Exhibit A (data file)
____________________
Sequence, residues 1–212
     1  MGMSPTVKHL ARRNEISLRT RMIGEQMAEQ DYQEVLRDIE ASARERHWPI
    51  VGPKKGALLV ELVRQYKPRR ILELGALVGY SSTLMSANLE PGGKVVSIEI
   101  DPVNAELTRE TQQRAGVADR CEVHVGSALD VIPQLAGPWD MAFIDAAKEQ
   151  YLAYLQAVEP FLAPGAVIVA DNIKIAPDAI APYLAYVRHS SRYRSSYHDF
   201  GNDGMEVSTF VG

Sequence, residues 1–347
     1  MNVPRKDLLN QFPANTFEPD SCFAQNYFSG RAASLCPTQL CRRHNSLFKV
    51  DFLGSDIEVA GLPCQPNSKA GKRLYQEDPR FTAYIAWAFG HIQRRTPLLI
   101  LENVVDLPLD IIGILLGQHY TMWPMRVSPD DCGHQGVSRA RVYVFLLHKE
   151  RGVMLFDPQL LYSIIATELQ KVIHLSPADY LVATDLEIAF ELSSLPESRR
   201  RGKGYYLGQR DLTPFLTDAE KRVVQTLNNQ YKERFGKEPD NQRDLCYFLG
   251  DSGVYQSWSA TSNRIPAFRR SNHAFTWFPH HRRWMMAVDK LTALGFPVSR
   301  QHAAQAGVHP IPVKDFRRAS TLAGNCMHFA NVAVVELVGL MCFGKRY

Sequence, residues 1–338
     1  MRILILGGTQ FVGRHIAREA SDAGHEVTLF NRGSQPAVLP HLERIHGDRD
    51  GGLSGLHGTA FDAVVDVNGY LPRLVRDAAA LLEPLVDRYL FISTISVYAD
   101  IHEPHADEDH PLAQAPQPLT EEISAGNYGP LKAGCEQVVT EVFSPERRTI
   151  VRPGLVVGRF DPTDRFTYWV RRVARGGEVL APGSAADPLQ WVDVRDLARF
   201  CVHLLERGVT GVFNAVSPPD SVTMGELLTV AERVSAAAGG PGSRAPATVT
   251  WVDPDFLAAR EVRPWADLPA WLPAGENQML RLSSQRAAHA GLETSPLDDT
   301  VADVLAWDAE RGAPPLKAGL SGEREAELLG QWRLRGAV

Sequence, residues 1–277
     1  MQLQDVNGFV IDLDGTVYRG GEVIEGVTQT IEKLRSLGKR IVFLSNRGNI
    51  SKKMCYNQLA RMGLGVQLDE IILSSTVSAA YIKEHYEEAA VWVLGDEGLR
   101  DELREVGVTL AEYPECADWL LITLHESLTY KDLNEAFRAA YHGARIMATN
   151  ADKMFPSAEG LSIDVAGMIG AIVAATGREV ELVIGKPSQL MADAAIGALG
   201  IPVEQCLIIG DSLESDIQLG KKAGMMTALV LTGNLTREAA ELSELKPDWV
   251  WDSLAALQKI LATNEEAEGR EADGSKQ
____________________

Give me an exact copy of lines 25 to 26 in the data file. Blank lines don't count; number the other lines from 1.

    51  SKKMCYNQLA RMGLGVQLDE IILSSTVSAA YIKEHYEEAA VWVLGDEGLR
   101  DELREVGVTL AEYPECADWL LITLHESLTY KDLNEAFRAA YHGARIMATN